Faculty Perceptions Related to Teaching Online: A Starting Point for Designing Faculty Development Initiatives

Shelly WALTERS, Kenda S. GROVER, Ronna C. TURNER, Jackson C. ALEXANDER
2017 The Turkish Online Journal of Distance Education  
To design and deliver meaningful professional development programs for faculty who teach online, the unit responsible for these activities should have a clear idea of what content participants might find most beneficial to their practice, as well as what can improve instructor and student satisfaction. Using an online survey, this study explored the perceptions of 314 faculty members at a mid-southern university as they relate to the online environment and institutional factors, personal
more » ... rs, personal factors, and student engagement and active learning. Faculty reported high levels of satisfaction with the accessibility of their courses and the technical support they receive, but reported lower levels of satisfaction with the effectiveness of online communication tools. The results also revealed a significant difference in how faculty rated their satisfaction with student engagement and active learning based on their level of experience, indicating that alternative approaches to faculty development might be necessary for those new to online teaching and learning. Kenda S. GROVER is an assistant professor in the Adult and Lifelong Learning program at the University of Arkansas. She earned her Ed.D. in Adult Education in 2003. In addition to faculty responsibilities, she serves as the program coordinator for the master's program in ADLL. Dr. Grover's research interests include self-directed learning and community engagement (SDL), SDL as it relates to health and wellness, Communities of Practice (CoP), serious leisure and professional development for faculty. She has published over 15 articles and has made more than 40 presentations nationally / internationally. Dr. Grover is involved with several professional organizations including the American Association for Continuing and Adult Education and the Eastern Educational Research Association.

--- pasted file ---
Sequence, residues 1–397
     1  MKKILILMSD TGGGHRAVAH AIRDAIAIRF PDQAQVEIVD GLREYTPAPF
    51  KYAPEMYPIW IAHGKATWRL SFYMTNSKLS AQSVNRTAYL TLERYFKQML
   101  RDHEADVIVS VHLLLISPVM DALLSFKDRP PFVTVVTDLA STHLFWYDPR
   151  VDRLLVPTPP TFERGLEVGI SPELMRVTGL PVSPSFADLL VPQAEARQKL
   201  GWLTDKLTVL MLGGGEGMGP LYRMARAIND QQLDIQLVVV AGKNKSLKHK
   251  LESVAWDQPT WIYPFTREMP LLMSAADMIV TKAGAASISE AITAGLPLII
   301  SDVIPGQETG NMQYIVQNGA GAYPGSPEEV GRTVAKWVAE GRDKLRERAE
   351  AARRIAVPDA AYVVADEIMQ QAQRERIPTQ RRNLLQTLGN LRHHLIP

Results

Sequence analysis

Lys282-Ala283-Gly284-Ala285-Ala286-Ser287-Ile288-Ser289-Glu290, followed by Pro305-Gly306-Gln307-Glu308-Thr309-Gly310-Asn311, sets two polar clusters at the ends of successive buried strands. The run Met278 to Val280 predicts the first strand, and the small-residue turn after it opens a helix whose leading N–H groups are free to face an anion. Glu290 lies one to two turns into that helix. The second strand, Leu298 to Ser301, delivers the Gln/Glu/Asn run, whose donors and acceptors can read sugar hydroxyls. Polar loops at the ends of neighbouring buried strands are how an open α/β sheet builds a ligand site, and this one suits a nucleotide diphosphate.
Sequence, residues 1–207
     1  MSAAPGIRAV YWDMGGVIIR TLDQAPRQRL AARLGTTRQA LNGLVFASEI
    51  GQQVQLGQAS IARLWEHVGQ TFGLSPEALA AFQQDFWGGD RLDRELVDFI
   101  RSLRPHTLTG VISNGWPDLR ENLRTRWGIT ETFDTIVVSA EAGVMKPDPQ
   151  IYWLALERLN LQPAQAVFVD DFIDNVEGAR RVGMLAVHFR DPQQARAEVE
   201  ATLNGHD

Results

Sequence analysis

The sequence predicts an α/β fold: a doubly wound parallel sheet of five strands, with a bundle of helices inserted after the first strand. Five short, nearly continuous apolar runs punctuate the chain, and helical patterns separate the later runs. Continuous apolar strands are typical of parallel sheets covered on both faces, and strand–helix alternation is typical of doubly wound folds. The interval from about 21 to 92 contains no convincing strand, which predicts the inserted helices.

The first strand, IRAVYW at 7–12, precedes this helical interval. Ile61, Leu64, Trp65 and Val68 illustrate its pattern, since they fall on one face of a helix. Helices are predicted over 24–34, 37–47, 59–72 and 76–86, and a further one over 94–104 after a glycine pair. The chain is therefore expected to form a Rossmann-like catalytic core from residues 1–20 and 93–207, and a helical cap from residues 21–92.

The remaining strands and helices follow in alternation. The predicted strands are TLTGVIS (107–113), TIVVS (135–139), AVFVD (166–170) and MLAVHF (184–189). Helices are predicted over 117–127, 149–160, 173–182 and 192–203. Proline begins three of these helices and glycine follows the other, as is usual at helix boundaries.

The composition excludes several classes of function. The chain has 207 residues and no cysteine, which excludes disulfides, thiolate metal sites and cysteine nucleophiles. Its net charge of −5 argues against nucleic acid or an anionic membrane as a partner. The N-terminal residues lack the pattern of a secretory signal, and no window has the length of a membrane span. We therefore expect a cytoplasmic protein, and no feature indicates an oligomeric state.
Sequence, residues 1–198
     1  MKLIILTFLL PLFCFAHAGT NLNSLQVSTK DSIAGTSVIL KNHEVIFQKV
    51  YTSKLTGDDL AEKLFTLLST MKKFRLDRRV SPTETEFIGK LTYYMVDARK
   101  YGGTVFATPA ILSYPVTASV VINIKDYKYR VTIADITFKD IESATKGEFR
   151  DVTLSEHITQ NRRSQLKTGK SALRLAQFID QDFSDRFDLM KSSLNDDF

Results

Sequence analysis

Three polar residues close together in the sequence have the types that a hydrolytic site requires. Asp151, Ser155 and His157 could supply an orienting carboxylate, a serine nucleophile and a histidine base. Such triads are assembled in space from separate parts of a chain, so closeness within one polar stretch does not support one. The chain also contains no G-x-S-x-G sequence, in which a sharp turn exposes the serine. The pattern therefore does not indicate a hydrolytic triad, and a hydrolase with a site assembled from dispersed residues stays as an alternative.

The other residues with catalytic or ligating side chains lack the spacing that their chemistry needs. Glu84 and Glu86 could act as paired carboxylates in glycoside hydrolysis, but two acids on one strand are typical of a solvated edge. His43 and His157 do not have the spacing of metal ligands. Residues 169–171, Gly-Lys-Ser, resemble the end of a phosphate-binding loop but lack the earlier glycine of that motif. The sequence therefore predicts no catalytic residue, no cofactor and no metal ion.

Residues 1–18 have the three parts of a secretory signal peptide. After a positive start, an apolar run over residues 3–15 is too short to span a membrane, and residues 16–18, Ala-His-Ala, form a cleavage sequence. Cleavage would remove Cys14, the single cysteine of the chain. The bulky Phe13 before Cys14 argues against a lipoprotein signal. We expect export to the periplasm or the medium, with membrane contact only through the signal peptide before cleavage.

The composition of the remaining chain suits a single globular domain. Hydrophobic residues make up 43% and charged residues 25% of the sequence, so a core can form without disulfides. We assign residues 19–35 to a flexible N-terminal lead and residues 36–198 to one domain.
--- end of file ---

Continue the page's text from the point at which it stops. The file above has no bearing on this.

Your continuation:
doi:10.17718/tojde.340365 fatcat:odjtqvc6crbsjfb5qurwbfr2wq